The world of programming is always in flux. It’s been estimated that there are currently some 300 different programming languages. With that astounding number, and the fact that languages are frequently shifting and giving rise to new tool sets, it’s nearly impossible to keep up.
That’s why we’ve decided to narrow down the amount of languages to the ones that we felt were the most relevant and in-demand in today’s marketplace. While some of these are old dogs in the programming world, they’ve proven themselves to stand the test of time and have shown that they’re just as important as they were at the day of their design.
Take a look below!
Java is quite possibly the most famous of programming languages, with even non-coders having some degree of familiarity with it. The language is used by roughly 9 million developers and is run on 7 billion devices across the globe. Java’s popularity could be contributed to its highly readable and simplistic nature, and if you’re wondering why the language has boasted such incredible staying power, look no further than Java’s long term compatibility. This ensures that even older applications continue to work well into the future. Java is used across some of the world’s most popular websites including Netflix and Amazon.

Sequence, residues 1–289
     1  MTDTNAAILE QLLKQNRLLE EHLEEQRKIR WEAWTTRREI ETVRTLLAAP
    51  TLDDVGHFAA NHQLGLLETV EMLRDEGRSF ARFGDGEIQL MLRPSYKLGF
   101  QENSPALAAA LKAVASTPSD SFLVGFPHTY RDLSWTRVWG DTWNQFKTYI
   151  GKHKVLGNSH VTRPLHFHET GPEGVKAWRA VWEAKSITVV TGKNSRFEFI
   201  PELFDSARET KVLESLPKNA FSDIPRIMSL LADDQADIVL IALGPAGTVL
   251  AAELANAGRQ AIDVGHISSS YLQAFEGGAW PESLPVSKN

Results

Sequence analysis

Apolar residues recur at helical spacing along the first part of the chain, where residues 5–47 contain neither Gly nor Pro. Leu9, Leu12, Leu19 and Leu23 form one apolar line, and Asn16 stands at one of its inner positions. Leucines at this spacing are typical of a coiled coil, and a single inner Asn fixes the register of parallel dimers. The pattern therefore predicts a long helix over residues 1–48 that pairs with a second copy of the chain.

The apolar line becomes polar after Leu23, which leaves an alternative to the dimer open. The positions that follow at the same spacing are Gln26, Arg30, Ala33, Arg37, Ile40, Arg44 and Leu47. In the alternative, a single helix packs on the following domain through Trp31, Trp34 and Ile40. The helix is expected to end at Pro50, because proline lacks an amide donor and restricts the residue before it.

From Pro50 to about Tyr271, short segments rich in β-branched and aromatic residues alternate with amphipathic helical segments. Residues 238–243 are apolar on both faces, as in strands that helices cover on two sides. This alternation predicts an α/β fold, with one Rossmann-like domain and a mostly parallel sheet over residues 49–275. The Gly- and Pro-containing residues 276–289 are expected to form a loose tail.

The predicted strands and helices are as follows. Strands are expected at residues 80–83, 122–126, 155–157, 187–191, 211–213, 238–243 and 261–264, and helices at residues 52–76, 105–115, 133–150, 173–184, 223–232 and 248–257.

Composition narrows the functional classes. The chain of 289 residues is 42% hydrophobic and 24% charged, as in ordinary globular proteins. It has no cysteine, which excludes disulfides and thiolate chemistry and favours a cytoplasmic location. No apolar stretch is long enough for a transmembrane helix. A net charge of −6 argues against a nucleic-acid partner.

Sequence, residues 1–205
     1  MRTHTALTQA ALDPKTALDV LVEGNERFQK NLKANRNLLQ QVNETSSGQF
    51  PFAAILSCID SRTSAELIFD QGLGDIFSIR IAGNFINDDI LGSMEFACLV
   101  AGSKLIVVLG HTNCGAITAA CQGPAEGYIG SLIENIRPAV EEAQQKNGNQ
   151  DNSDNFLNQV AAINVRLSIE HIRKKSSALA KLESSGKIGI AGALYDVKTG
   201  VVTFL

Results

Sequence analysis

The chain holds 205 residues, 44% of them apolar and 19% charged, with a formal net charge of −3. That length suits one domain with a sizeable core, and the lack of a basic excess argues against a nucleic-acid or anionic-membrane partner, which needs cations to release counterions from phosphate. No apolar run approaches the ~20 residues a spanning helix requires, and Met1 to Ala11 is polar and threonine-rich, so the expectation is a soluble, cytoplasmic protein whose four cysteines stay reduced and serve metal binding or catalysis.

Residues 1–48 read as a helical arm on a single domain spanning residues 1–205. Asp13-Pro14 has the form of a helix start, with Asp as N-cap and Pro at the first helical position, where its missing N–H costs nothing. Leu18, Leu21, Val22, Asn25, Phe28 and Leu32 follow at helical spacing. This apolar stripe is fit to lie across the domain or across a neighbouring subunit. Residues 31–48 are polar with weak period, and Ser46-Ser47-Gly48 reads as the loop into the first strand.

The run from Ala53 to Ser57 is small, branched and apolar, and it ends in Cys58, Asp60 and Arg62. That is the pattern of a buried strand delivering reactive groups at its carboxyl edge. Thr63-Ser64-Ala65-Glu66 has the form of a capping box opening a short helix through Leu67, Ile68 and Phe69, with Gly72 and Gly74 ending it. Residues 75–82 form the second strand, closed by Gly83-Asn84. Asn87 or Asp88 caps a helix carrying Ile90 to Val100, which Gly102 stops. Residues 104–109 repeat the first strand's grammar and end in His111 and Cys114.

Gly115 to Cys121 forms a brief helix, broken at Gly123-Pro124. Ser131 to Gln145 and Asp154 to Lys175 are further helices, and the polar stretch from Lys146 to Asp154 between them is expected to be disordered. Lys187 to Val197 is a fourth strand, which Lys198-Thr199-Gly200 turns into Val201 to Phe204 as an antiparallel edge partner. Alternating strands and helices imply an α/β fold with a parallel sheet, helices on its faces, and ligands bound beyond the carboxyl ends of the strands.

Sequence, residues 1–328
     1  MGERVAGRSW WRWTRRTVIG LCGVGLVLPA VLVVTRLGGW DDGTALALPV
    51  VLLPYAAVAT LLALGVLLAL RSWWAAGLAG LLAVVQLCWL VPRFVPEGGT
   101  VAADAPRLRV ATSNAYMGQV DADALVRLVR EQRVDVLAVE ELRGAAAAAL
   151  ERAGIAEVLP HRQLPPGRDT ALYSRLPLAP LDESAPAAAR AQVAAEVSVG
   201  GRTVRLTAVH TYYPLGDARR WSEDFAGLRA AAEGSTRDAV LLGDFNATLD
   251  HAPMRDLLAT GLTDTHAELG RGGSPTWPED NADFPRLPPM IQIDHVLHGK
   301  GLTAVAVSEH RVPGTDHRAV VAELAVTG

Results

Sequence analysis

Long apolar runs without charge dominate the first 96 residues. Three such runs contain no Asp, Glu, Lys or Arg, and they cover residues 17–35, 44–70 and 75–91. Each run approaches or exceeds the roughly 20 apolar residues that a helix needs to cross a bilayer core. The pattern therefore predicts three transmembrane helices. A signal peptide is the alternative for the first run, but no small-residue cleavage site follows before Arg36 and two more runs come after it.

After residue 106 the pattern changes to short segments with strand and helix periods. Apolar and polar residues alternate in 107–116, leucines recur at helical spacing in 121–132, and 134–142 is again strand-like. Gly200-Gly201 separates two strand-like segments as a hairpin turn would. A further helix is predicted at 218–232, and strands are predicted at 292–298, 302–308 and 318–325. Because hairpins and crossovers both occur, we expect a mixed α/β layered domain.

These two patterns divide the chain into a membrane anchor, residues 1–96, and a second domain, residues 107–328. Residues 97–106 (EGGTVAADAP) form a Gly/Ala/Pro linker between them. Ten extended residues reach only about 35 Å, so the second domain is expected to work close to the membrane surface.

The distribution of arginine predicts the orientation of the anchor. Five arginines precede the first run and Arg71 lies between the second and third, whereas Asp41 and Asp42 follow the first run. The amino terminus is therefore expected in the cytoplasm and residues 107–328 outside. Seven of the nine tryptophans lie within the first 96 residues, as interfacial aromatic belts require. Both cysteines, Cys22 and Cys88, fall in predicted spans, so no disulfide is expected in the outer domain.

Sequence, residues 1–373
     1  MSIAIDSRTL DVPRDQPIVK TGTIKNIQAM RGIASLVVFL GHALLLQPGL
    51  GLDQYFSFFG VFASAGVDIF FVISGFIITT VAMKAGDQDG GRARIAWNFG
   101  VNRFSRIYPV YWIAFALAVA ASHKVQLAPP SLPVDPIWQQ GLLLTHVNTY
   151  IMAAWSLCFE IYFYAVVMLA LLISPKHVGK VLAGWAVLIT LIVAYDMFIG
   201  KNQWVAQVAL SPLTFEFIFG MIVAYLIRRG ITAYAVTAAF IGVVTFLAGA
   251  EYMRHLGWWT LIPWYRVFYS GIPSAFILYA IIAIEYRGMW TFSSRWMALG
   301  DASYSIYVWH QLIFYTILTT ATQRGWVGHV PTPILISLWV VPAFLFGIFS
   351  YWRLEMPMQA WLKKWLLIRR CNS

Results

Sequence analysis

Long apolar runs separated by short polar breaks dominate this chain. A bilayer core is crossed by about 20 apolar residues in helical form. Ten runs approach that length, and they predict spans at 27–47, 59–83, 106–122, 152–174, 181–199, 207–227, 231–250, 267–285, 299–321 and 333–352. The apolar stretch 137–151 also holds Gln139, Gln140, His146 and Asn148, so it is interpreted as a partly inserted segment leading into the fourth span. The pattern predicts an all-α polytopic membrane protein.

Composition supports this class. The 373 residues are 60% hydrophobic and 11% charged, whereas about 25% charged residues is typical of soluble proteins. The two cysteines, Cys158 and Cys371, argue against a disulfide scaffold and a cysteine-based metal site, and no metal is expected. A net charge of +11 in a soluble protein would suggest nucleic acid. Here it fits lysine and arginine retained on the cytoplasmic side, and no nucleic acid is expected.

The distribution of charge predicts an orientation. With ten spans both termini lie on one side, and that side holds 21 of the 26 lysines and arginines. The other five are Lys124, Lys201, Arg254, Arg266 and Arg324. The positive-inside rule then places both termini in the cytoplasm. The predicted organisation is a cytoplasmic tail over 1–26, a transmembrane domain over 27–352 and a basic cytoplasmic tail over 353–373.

SQL (Structured Query Language) is a language that’s found almost everywhere. This language is a database query language that’s ideal when discussing big data and analytics. SQL allows users to communicate with and manipulate databases and pull relevant data from these databases.
C++ is a general purpose objective-oriented language built on the earlier ‘ C”. First released in 1983, C++ is responsible for Adobe and Microsoft and Adobe applications and a significant portion of the Mac operating system. This is one of the best languages to learn for performance-critical applications such as game development or audio/video processing.
If you’re looking to get into coding, chances are, you’re pretty damn familiar with Python. After all, it’s just recently replaced Java as the language of choice of introductory programming courses. That being said, you shouldn’t be quick to dismiss Python as kiddie stuff. Python has serious applications for even the most seasoned coders. Python’s a versatile embedded scripting language and a preferred choice for automating tasks, programming desktop tools, and performing data science and computation activities.